* The regulations are less clear, however, as to what is required to be done if a driver self-reports an alcohol problem and the employer has no such written program or policy.
Notwithstanding this lack of clarity in the regulations with respect to a self-reporting situation like this one, the Court does not accept EEOC's contention that Old Dominion could not require Grams to complete the referral/evaluation/treatment process. The applicable regulation, 49 C.F.R. § 382.121(a), provides that
"[e]mployees who admit to alcohol misuse . . . are not subject to the referral, evaluation and treatment requirements of this part and part 40 of this title, provided that: (1) The admission is in accordance with a written employer-established voluntary self-identification program or policy. . . ."
The "referral, evaluation, and treatment" requirements of "this part" are found in Part 40, Subpart O. 49 C.F.R. § 382.605.
The FMSCRs "establish programs designed to help prevent accidents and injuries resulting from the misuse of alcohol . . . by drivers of commercial vehicles." 49 C.F.R. § 382.101. It is reasonable to interpret them in such a way as to accomplish that worthy goal. In light of this purpose, the Court interprets § 382.1010 to mean that drivers who admit to alcohol misuse where there is no written company policy are subject to the referral/evaluation/treatment requirements of Part 40.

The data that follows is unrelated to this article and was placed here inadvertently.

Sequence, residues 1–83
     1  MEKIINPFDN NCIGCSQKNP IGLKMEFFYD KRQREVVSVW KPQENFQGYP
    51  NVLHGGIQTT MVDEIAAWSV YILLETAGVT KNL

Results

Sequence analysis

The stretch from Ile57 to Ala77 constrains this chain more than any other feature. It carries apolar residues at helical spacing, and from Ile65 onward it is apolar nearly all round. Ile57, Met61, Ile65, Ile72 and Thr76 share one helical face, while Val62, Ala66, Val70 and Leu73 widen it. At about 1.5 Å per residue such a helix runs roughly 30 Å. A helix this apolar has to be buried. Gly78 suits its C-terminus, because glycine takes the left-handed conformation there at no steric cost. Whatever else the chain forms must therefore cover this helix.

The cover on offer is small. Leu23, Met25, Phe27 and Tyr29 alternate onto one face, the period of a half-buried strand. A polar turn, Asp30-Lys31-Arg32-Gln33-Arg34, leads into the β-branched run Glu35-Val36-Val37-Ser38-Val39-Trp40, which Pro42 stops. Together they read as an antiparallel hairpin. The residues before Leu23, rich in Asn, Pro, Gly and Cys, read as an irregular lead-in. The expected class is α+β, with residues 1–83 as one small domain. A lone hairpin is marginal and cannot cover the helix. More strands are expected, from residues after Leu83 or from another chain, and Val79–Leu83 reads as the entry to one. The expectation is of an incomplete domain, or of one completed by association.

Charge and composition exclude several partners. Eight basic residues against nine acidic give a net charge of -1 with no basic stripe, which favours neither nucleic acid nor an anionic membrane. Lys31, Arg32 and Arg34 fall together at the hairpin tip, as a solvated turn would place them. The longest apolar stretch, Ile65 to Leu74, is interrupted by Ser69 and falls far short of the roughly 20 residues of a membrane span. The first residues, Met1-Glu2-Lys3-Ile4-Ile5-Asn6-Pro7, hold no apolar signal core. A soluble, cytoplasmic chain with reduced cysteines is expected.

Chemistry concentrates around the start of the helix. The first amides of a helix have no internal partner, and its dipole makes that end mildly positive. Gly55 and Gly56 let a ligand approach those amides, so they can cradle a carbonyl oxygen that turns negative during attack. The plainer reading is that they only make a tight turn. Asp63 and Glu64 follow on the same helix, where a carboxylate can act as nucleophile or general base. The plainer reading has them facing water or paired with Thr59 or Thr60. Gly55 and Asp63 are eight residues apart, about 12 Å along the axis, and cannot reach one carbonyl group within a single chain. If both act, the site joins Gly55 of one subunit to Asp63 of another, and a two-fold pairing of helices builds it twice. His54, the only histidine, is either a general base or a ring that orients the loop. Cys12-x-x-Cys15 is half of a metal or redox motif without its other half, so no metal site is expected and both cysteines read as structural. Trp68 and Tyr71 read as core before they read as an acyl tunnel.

It, therefore follows that, because Old Dominion did not have a written voluntary self-identification program or policy, when Grams made his telephone call to Thornton on June 29, 2009, he became subject to the referral/evaluation/treatment requirements of Part 40 -- and specifically to Subpart O. The Court believes this conclusion to be sound even though Grams had not committed a DOT violation (the trigger for action under Subpart O) because a contrary interpretation would run counter to the overall purposes of § 382.121.
For the foregoing reasons, the Court concludes that Old Dominion did not violate the ADA when -- considering Grams disabled by reason of alcoholism -- it suspended Grams from driving and required him to go through the referral/evaluation/treatment process before returning to a safety-sensitive position.
(c) Did Old Dominion Afford Grams Reasonable Accommodation?
EEOC contends that Old Dominion violated the ADA when it failed to accommodate Grams' disability by its no-return policy.
Old Dominion counters that it could not return Grams to driving a truck because he never completed the referral/evaluation/treatment process, and that it was not required by DOT regulations to reinstate him even if he did complete the process. Old Dominion also contends that as a matter of business necessity and concern for public safety it made a policy decision that alcoholic drivers in its employ could never return to driving.